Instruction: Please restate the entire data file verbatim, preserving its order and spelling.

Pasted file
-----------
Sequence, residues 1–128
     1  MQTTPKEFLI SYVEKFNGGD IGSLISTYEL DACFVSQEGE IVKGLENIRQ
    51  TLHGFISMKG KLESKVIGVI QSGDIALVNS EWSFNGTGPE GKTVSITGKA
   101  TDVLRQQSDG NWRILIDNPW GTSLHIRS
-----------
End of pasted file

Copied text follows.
Sequence, residues 1–128
     1  MQTTPKEFLI SYVEKFNGGD IGSLISTYEL DACFVSQEGE IVKGLENIRQ
    51  TLHGFISMKG KLESKVIGVI QSGDIALVNS EWSFNGTGPE GKTVSITGKA
   101  TDVLRQQSDG NWRILIDNPW GTSLHIRS